To a large extent she has done that, by launching a singing career with multiple vocal recordings to her credit, moving back to Canada (yay!) and picking up the guitar again and giving concerts, albeit with a different technique and the assistance of a guitar partner who often accompanies her during live performances.

Liona stated during her 90-minute talk that this was the first talk (and PowerPoint presentation) that she had ever done. It was indeed a very admirable and inspirational presentation. However, her presence did bring something else—a reminder of the reasons why we travel to conferences and spend endless hours on continuing education, read numerous journal articles and immerse ourselves in rigorous research and scholarship.

The experience reminds me to immerse more fully with patients in their experience. Physicians often control what transpires during a patient visit. This may have the effect of rendering them more passive in their health care experience. It is important to remember to see patients as more than just their disease, but placing their experience in the context of their lives. Specifically looking at:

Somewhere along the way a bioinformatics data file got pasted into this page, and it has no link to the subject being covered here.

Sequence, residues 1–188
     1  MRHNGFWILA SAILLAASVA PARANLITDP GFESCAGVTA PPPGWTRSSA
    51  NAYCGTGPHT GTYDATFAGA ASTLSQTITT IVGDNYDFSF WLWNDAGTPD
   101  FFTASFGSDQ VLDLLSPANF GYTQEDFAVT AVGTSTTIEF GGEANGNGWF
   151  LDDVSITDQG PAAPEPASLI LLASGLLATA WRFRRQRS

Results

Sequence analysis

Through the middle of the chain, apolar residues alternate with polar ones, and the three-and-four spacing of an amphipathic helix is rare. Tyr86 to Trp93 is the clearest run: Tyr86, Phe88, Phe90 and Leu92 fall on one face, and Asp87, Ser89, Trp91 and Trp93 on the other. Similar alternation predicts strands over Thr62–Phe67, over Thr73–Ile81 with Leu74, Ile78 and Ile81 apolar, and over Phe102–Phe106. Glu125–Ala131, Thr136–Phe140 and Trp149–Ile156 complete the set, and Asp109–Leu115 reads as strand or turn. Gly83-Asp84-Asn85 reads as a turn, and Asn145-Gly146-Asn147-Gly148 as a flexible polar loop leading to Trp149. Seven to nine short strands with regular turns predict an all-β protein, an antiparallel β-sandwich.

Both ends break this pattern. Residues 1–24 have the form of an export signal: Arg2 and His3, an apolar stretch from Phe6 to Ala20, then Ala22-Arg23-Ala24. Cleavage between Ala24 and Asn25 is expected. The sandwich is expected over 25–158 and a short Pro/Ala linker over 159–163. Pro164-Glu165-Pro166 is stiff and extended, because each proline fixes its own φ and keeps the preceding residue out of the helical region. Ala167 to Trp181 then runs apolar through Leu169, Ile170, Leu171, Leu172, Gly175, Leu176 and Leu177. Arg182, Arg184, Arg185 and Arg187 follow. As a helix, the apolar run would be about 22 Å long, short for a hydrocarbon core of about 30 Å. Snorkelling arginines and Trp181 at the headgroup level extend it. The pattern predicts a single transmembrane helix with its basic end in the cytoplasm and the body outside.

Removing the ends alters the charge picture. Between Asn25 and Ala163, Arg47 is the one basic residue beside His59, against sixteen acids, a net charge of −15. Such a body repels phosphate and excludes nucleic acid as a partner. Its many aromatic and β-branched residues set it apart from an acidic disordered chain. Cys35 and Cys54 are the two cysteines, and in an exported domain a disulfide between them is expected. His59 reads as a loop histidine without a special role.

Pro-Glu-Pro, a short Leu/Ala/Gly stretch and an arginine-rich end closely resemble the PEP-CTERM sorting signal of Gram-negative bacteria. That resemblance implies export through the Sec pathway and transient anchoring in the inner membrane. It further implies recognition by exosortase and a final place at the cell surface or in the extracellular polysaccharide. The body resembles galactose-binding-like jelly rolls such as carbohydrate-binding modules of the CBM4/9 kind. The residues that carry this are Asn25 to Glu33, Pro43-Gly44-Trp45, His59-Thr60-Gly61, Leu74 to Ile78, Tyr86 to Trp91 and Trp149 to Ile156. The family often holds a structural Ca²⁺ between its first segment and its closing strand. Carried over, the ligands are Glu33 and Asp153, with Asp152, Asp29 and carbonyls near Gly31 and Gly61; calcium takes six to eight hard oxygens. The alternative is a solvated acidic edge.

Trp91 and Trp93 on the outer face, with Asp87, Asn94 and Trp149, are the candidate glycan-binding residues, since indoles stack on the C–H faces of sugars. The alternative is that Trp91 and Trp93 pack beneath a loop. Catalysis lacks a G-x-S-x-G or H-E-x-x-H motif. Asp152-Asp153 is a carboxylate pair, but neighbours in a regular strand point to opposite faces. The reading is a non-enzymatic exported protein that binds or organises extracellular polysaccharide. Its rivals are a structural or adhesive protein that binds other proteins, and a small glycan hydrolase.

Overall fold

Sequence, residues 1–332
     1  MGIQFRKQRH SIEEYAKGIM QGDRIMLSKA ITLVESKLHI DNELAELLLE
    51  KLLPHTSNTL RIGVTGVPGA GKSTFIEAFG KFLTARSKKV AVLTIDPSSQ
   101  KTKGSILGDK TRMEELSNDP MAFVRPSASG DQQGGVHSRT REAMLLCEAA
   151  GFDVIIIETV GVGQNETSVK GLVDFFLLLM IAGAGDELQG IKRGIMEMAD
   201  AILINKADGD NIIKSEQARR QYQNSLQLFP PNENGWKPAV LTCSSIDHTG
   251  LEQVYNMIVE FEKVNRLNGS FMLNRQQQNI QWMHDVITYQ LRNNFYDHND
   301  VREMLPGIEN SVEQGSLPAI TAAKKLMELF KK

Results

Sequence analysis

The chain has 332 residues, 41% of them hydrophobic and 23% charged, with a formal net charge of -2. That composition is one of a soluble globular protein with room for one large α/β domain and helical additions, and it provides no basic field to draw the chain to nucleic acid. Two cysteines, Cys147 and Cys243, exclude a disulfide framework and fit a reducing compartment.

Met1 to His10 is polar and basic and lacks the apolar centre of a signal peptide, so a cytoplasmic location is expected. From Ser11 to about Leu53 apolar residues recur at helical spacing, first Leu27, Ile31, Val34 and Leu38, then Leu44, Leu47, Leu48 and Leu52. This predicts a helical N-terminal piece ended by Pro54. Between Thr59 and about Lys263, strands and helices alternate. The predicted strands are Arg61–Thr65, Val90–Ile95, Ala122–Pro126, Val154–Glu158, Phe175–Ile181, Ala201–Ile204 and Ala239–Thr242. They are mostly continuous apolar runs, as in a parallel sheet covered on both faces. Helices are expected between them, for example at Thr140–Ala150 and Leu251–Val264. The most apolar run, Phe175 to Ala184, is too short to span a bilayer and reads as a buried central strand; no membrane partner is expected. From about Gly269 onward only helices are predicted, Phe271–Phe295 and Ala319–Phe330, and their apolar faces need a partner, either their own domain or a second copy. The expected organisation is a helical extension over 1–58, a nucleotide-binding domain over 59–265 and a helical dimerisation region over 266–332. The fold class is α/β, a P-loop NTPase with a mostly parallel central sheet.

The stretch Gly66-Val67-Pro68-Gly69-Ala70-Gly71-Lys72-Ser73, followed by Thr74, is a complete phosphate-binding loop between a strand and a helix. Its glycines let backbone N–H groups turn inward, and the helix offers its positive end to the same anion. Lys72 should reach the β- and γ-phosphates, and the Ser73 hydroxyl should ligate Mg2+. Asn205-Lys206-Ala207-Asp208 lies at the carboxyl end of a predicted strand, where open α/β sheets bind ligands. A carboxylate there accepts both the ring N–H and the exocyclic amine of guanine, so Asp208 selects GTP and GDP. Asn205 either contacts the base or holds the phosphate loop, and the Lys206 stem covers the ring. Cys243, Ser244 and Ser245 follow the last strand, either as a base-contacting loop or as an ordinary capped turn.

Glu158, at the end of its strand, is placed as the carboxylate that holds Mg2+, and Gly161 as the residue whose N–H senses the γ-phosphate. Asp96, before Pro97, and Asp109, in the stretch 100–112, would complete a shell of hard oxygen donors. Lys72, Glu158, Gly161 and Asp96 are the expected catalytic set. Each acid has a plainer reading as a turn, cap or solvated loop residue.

How is this illness affecting your life?

What do you think is causing it?

Why do you think that is happening?

What are you concerned that it might be?

What were you hoping we might be able to do for this?

Liona spoke of the difference for her in being seen by medical professionals who truly wanted to understand her illness experience and see how they could improve her condition. What proved most successful for her was a transdisciplinary approach that acknowledged the limitations and losses that she had experienced, but that also gave her a sense of hope and purpose. Though she still suffers from focal dystonia, she is optimistic about her diagnosis and her future. As well, myself and 100 other physicians who heard her speak that morning were enriched for it. Thank you Liona!